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Comment author: NancyLebovitz 29 March 2015 11:28:04PM 2 points [-]

Thanks for the write-up, and yes, engaging with the real world is a lot harder than signalling.

Comment author: private_messaging 29 March 2015 05:35:59AM *  -6 points [-]

Well, a common case of people seeing their family get raped and murdered is occurring right now (ISIS related shit) and the raping is done by religious extremists, so...

Comment author: NancyLebovitz 29 March 2015 05:51:24AM 0 points [-]

What?

Comment author: RyanCarey 28 March 2015 01:19:20AM *  0 points [-]

Hey Tom, thanks for volunteering to do this.

Personally, I expect this would worsen my experience because it would fragment comments. I'm not going to go to LW to read comments for SSC. I prefer to read comments, if any, on SSC itself.

In general, for most of the people, all they are going to notice (if anything) is a slight decrease in quality of on-site comments, so just a handful of people desiring this does not mean that it's net positive for Scott's readership at large.

Split comment-threads would also reduce cross-pollination of ideas. It's good that LessWrong readers currently bring their ideas in contact with some people who only have vague background awareness of LW at SSC. It's a challenge in practising explaining things well, provides feedback, and spreads useful ways of thinking.

So this would be personally undesirable for me and also has some clear negative externalities on others.

Comment author: NancyLebovitz 28 March 2015 04:08:31AM 1 point [-]

One possibility to avoid fragmenting the conversation would be to wait to link to link to a post at SSC until the comments have died down over there.

Comment author: Xerographica 27 March 2015 09:30:17PM 2 points [-]

I really like the idea of blogs "outsourcing" their comments to forums. A second best option would be for Scott to use Disqus for his comments. With Disqus you're always logged in. Plus you can rate comments up or down.

Comment author: NancyLebovitz 27 March 2015 09:32:03PM 18 points [-]

I hate disqus. It's hard to keep track of what you're read or haven't read, and since it doesn't load all comments automatically, it's inconvenient to search.

Comment author: JohnBuridan 27 March 2015 05:04:53AM *  6 points [-]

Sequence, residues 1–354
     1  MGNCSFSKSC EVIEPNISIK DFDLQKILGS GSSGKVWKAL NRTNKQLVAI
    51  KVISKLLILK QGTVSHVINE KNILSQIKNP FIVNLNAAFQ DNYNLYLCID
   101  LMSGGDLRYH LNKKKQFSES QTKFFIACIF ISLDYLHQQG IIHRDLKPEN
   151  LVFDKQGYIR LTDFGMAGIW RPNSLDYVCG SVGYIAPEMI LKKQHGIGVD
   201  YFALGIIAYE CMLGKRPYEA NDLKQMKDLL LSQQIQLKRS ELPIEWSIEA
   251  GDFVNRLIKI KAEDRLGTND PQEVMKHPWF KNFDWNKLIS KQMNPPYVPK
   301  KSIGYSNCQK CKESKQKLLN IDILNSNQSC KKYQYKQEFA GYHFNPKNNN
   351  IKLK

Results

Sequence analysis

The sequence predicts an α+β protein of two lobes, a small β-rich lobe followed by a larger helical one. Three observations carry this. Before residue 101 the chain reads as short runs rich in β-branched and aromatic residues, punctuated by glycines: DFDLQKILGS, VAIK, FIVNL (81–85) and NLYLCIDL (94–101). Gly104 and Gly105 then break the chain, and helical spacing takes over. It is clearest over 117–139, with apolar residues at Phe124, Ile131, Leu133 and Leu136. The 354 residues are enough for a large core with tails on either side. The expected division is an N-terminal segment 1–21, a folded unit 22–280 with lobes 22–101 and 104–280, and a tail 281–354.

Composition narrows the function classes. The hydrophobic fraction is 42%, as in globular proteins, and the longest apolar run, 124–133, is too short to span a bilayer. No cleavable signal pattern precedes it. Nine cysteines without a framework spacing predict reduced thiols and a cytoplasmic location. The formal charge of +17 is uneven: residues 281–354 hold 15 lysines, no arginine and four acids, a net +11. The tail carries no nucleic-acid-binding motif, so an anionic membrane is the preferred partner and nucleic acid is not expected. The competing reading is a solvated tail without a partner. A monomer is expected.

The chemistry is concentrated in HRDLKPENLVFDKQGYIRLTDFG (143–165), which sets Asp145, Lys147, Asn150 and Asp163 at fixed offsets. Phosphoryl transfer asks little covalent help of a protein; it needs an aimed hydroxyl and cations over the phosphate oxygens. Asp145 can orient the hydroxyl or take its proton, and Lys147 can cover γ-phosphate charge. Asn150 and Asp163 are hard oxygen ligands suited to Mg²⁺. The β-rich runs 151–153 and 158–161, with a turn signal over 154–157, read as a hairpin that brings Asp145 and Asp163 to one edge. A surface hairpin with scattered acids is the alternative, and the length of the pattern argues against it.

You think that the Will of Melkor could be potentially un-corrupted? Though all evil in Arda is his doing, bitterness, greed, excessive heat, piercing cold, avaricious orcs, other creatures that lust for blood or power, and even darker things than this, that is not enough to despair of him? Aye, you don't yet realize what Morgoth is. He is pride and cruelty and rage. Morgoth's spirit cannot change, because it presumes the only worthwhile fact is its own continued self-expression. His cruelty wishes to wrench all that's beautiful and true in the world into darker purposes, to turn good intentions to bad ends. And his rage, oh, his rage is a starless cry of cosmic dismay that all the evils of the world are undone one by one.

Tell me not of the turning of Melkor, even now he is chained up on the other side of night, yet still whispering his will throughout Middle-Earth, and plotting to break the Gates and return again to destroy the Sun and the Moon and all living things. You are telling me that same guy who wants to tear down all the universe in supreme envy can be turned to work for Good?

This is Morgoth we are talking about, not Anakin Skywalker.

P.S. I take your point; but the Maiar and Valar do act indirectly in Middle-Earth, though creation is over as are the wars against Sauron and Ar-Pharazon. They do not just accept the the gradual decline of the world.

I will never relinquish my Sword of Fandom +10. :)

Comment author: NancyLebovitz 27 March 2015 10:29:01AM 3 points [-]

Is Melkor explicitly described as unredeemable?

As I recall, Eru's creation is incomplete, and we cannot know all the outcomes.

Comment author: seer 26 March 2015 09:42:24PM 4 points [-]

I like the idea that it will take inspiration-- the development of a new religion or variant of Islam or alternatively some brilliant satire-- to create something to move people away from IS. It's pretty clear that mere decency isn't motivating enough.